If the management team of a big corporation like Microsoft or Sony applied for this job, I think they may also be good candidates. Even though they have not run countries, they have run big corporations, and I think those experiences may be very relevant. So depending how the interview goes, they also have a good shot at this job.

But, if I post this open position online, and after a year, no one applied. Or after a year, a lot of people applied, but most are jobless males who can barely read, or some anti-China groups whose only experience was writing dramatic slogans like “Down with Red China!”. Then I’m sorry, perhaps there is no suitable candidate for this job. And we may have no choice but to continue the current team in China, until we find a better candidate. Do you really want me to hire a group of people with no experience for such an important job?

So anyway, if some of your democracy-lovers and anti-China groups are interested in this proposal, you can contact me to either interview you, or you can give me a list of potential candidates and I’ll contact them, or I can post a job opening online. What do you think? Well you are the ones who wanted this, so you have to help me!!!

September 7, 2005 @ 3:12 pm | Comment

Bingfeng already nominated me for Mayor, thank you.

September 7, 2005 @ 3:36 pm | Comment

I don’t know where to start with that ‘Math’ guy (besides checking that IP address). If the gov’t has to block websites and prevent its people from learning IT’S NOT WORKING. If peasants are forced to fight 60,000-man battles to get the land the gov’t took to give greedy companies to destroy the last remaining water suply and the shrinking 7% arable land IT’S NOT WORKING. If people feel the need to blow themselves up in buses to protest the inability for the gov’t to provide them with basic healthcare, when women have lives in such dire misery that their only way out is to consume rat poison, when their husbands see that they can thank the fact their wives are still alive because the quality of the poison is so negligible as to be worthless THE GOV’T ISN’T WORKING. If it sees the need to execute 4,000 people per annum (without proper right to apeal), occupy other regions and lie about the reasons, and stir up trouble against neighbouring gov’ts to distract its people from the truth, IT IS TIME FOR A NEW GOVERNMENT.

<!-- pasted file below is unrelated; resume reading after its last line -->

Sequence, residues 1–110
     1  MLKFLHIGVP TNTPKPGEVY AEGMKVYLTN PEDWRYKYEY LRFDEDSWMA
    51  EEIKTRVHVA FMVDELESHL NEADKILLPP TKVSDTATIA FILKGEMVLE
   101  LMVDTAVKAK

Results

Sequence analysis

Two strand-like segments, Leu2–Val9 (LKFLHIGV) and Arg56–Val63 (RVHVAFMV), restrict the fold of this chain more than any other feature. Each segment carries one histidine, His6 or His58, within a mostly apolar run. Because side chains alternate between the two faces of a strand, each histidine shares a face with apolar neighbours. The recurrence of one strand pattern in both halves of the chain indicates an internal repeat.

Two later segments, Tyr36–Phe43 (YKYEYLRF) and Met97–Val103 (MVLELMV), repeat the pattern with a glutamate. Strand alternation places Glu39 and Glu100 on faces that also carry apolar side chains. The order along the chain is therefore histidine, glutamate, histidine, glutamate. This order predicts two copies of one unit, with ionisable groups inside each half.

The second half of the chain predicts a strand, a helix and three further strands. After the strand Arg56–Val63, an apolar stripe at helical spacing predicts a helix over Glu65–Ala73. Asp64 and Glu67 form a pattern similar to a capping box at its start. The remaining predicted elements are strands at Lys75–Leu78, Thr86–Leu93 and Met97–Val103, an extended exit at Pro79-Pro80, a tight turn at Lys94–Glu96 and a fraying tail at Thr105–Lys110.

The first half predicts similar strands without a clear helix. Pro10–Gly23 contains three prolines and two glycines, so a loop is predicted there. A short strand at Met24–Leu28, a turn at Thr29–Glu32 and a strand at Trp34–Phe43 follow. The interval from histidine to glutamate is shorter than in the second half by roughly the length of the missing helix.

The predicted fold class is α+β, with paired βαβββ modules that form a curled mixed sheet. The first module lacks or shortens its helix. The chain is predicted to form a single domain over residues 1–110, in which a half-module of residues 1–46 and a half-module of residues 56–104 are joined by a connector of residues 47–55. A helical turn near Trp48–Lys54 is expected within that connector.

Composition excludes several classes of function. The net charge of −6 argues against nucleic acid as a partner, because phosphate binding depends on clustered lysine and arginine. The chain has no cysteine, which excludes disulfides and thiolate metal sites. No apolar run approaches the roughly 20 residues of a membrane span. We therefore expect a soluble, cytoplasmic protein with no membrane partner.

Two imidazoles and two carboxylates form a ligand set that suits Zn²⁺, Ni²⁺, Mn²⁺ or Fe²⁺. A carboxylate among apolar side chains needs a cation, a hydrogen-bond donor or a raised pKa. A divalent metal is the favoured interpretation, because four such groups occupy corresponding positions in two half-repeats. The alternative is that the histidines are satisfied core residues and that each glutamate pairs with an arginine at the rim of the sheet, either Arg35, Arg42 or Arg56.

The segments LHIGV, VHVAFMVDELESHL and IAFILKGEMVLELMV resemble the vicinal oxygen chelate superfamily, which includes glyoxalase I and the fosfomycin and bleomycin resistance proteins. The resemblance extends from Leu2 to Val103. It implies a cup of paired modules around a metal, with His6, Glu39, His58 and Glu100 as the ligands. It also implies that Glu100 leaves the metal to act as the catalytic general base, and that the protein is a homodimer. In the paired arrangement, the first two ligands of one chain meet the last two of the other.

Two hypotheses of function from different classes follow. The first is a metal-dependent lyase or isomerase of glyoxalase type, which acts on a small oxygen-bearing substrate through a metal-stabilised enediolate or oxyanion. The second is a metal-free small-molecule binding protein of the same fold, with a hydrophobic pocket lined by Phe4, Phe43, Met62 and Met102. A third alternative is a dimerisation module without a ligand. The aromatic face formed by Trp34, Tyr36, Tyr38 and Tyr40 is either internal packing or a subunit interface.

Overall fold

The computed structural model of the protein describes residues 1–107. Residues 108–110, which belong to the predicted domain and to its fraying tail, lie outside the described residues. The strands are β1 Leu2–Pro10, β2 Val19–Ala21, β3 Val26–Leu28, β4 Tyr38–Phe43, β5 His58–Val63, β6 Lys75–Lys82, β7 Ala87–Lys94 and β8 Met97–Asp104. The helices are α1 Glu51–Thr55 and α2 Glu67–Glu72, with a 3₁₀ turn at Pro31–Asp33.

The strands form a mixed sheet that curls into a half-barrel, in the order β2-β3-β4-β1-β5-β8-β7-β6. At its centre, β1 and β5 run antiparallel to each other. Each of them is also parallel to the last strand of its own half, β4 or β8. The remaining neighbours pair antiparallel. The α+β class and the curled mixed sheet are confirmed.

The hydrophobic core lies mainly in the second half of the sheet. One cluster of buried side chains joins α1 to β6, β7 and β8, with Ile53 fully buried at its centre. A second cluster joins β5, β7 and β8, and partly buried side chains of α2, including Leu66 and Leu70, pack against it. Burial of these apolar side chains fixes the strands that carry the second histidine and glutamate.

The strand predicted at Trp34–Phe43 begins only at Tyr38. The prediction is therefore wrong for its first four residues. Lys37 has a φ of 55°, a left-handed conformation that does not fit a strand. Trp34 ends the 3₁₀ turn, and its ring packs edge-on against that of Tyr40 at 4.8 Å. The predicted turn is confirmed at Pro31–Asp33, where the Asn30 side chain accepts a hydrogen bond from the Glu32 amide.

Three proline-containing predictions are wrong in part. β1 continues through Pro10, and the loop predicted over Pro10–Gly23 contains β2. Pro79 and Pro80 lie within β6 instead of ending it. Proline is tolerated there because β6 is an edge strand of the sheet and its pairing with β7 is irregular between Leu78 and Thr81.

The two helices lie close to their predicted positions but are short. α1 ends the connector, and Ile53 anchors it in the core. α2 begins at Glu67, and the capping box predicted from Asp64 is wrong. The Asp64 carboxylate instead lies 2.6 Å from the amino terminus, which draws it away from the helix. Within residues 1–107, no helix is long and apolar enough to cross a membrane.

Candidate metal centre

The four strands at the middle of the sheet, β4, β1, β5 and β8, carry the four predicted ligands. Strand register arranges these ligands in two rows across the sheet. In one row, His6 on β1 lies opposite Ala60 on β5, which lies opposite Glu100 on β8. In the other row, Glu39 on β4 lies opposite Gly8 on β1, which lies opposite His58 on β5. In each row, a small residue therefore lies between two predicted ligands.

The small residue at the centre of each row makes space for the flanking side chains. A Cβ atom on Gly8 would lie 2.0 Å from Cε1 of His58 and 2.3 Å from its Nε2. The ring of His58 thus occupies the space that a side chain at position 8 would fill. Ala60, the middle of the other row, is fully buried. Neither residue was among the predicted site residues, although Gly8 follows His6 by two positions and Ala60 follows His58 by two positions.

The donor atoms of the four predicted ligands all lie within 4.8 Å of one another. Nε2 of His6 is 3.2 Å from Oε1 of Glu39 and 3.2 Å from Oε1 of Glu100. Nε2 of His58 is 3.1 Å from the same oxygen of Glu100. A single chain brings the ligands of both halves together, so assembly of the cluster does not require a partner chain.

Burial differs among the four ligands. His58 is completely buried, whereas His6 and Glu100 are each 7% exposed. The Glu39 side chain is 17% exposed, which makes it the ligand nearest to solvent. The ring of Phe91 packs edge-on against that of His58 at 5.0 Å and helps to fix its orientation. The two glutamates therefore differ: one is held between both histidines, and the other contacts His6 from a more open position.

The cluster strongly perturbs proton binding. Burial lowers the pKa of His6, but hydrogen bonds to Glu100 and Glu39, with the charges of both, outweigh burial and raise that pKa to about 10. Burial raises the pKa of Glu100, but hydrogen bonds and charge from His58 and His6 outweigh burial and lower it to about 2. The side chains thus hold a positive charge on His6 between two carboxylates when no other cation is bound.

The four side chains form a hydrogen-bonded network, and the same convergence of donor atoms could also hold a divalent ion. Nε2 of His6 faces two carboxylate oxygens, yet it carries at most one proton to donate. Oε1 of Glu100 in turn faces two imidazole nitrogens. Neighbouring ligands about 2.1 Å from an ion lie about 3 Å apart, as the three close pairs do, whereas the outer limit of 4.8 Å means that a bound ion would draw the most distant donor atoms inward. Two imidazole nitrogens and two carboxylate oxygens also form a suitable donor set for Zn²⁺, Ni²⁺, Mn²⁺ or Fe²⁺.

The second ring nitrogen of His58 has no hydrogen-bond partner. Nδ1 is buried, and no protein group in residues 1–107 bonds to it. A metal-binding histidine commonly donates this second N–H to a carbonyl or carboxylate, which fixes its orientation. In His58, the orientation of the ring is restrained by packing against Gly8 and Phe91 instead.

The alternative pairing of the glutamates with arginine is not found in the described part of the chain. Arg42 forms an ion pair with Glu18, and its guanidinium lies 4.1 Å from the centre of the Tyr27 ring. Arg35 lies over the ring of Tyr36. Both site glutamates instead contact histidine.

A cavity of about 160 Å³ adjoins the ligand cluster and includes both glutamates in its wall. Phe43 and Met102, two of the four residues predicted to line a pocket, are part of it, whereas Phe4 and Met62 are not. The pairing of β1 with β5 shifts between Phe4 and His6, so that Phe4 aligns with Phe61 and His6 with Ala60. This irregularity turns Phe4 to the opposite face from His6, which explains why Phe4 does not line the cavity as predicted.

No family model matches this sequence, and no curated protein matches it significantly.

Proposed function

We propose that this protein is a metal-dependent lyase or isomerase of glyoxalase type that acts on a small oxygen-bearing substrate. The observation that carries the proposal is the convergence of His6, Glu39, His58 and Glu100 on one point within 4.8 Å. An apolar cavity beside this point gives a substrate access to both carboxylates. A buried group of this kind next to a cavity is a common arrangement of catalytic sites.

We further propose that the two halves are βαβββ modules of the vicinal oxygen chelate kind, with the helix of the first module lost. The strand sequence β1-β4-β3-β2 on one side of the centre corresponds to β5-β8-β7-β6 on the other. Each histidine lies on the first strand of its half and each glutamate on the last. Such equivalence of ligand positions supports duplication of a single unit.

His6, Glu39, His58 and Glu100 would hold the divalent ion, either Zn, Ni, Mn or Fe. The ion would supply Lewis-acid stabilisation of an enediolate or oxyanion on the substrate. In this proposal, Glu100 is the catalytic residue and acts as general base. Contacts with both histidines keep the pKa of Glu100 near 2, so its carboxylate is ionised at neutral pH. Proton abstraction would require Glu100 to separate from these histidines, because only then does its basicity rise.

What would I do? What a bloody stupid question! I don’t even speak the bloody language! I’m only a humanities teacher, not an economist etc. Well, I guess I share that with Mao who was in charge and knew nothing about anything. But with the level of homogony of the people and control over them the gov’t has, why not try democracy? Can’t say it doesn’t work in India etc because China is not India. All I know is the CCP has devastated this nation and its people through evil ambition, incompetence and sheer carelessness for its citizens. After 60 years, it shows it clearly does not work (unless you’re among the rich getting richer who happen to be in the minority). We’re now at the point the KMT would have taken us decades ago without the GLB, the CR, the TSM etc.